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Riccitiello's EA Shifts From 'Defense' To 'Offense'
Riccitiello's EA Shifts From 'Defense' To 'Offense'
May 4, 2011 | By Kris Graft

In a Wednesday earnings call attended by Gamasutra, Electronic Arts CEO John Riccitiello said his company is shifting its defensive strategy and going into attack mode.

The exec said EA had its guard up when it was cutting costs, reducing title count and getting its digital business up and running in recent months and years.

"Our strategies could be defined as fundamentally 'defensive,'" he said. "Today, we are announcing a big shift to 'offense.'"

Riccitiello said EA, which became an industry leader thanks to its packaged goods business, will now completely adopt the "games as a service" model. "Over the coming years, we will transform EA from a packaged goods company to a fully integrated digital entertainment company," he explained.

That means focusing on three aggressive core strategies moving forward.

The first, he said, is pushing EA's stable of popular IP, including FIFA, Madden, Battlefield, Need for Speed, The Sims, Tetris, Dragon Age and other titles. The company will also leverage the popularity of labels such as EA Sports and its casual Pogo brand.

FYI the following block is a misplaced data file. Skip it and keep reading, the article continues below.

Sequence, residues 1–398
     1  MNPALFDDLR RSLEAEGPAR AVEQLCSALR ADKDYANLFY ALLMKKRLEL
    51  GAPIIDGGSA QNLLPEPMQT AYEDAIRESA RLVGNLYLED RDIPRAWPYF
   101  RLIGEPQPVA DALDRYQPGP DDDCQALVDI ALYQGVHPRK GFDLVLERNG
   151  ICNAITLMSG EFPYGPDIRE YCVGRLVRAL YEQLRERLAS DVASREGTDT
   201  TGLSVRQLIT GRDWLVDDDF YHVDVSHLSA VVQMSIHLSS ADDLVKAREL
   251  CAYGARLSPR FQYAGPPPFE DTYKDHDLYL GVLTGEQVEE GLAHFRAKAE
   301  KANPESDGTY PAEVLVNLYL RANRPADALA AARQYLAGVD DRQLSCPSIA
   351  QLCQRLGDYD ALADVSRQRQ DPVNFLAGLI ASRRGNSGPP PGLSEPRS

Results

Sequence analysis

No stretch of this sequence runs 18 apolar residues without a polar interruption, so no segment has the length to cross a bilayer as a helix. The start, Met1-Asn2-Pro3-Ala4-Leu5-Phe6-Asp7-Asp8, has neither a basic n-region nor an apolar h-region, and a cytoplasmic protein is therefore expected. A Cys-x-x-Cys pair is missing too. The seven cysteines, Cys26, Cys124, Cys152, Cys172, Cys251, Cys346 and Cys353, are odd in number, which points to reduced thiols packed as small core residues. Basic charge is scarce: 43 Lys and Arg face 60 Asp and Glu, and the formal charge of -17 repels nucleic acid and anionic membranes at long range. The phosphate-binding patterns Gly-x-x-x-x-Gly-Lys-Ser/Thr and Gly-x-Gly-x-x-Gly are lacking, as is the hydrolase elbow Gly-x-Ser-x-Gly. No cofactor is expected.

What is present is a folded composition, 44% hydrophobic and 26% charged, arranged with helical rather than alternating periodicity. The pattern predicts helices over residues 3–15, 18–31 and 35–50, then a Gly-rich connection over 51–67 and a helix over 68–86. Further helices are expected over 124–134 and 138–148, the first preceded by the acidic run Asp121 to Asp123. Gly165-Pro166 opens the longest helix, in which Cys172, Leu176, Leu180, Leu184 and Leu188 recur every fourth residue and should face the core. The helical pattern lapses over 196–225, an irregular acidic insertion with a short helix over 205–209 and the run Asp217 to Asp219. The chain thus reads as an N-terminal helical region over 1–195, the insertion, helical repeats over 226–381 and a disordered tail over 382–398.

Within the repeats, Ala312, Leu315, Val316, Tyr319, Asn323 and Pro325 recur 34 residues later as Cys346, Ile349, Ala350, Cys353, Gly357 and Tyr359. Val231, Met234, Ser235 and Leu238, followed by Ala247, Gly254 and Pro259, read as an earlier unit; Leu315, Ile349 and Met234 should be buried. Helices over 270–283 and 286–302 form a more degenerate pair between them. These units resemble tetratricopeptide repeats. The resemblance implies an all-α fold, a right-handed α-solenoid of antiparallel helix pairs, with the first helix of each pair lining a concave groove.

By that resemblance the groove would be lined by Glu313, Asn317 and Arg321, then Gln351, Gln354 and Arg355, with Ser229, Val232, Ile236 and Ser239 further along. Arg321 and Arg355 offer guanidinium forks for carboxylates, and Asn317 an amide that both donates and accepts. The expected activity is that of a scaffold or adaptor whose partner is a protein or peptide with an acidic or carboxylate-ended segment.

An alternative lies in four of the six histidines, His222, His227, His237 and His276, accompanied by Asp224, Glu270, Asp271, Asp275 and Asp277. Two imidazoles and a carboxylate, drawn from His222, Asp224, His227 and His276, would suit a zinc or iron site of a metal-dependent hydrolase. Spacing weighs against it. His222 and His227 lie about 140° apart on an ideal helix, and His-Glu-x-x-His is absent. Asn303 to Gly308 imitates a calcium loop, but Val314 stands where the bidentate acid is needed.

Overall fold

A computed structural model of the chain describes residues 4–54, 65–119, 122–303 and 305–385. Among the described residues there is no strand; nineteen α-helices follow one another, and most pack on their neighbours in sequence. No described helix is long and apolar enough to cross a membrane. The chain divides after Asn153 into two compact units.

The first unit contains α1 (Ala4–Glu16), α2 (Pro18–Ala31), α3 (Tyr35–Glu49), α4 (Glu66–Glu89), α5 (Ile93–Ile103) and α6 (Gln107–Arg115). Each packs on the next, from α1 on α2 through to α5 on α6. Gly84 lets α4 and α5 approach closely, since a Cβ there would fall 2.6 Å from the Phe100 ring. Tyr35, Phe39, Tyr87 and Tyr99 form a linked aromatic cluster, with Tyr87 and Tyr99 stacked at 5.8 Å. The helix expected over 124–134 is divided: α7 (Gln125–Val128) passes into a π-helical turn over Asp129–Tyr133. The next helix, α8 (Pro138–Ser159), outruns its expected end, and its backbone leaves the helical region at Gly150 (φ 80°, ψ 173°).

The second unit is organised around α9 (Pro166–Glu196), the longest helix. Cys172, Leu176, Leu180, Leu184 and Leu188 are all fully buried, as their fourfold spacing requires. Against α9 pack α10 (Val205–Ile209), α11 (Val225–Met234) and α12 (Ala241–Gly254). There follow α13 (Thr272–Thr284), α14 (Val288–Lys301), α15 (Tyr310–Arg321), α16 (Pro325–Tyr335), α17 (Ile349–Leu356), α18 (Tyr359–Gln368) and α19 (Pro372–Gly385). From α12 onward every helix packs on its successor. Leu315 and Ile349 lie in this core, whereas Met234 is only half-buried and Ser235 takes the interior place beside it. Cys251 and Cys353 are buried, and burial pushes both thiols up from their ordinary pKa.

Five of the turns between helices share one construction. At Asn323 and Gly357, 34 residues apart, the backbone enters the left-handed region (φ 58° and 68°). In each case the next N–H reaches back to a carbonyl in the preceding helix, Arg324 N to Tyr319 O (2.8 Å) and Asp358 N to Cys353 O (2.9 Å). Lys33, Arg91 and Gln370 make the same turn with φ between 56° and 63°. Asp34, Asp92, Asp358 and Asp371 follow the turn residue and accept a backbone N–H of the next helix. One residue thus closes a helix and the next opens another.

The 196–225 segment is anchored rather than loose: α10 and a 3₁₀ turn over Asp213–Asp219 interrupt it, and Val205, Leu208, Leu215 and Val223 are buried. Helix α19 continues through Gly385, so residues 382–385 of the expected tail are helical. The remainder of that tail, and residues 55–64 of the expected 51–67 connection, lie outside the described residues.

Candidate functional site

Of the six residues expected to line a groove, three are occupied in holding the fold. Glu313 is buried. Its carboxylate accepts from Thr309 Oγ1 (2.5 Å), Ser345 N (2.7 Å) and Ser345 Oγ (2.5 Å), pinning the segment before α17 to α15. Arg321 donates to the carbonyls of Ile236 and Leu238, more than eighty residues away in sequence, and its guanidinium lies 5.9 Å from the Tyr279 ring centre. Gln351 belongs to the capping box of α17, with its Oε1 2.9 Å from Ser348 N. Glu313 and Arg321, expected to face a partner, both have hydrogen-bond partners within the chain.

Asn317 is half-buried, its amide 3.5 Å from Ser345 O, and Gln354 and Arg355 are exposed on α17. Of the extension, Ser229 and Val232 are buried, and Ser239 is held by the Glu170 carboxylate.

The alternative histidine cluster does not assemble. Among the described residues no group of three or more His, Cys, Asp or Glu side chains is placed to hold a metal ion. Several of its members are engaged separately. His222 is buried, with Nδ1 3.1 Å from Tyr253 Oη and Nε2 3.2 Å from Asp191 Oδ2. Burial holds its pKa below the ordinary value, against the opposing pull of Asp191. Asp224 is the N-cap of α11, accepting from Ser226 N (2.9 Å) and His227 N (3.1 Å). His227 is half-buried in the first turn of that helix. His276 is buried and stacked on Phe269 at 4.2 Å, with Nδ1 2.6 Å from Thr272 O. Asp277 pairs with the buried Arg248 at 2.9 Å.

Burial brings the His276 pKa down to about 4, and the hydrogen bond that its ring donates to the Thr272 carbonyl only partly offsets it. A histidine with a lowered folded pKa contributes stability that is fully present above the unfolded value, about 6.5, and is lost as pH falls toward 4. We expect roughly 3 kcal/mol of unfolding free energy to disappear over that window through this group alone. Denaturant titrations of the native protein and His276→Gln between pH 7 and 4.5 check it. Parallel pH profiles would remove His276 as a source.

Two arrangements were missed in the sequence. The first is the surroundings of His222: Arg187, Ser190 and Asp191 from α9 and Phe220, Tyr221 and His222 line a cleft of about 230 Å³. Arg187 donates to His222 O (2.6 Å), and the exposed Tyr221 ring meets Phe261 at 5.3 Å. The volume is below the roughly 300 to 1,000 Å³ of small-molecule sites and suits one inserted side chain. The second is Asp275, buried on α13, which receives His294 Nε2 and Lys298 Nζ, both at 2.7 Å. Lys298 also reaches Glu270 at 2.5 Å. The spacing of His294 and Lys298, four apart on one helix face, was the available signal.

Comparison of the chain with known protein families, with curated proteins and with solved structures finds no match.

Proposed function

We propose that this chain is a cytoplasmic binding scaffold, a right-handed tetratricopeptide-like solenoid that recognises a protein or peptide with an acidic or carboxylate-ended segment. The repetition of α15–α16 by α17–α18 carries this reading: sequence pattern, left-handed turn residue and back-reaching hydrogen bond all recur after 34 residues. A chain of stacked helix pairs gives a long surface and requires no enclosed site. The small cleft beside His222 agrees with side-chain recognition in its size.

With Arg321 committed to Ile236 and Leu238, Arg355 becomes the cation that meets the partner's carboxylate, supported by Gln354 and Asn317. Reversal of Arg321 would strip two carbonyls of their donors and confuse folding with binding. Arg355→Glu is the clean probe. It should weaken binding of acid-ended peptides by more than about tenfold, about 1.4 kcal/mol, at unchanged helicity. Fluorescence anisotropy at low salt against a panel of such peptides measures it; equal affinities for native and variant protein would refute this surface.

"We fully intend to make these properties into year-round businesses that lead their sectors across a range of platforms," Riccitiello said.

The exec also said EA will view itself as "a software platform every bit as much as we see ourselves as a content maker for other companies' platforms." He added EA already has seen major growth in its online "core registration system," which has grown to 112 million customers, up from 61 million a year prior.

"While we will continue to be a great partner to our best retail customers and first party partners, you will see the beginnings of a consumer game platform emerge at EA that complements and extends the console ecosystem and addresses the wider opportunity on other devices," he said.

The third part of Riccitiello and EA's "offensive" stance is a focus on talent acquisition. He said the publisher is integrating its development teams with marketing and monetization.

That's "a big change," he said. "As an investor, you can see this as a way to better manage our IP, and drive up the ARPU for our core properties. As a developer, you can see this as the reason EA will be the most interesting and satisfying place to work in the game industry."

In the call, the company discussed its fiscal 2011 results -- which Gamasutra has a full report on -- and which show strong growth in its digital business.

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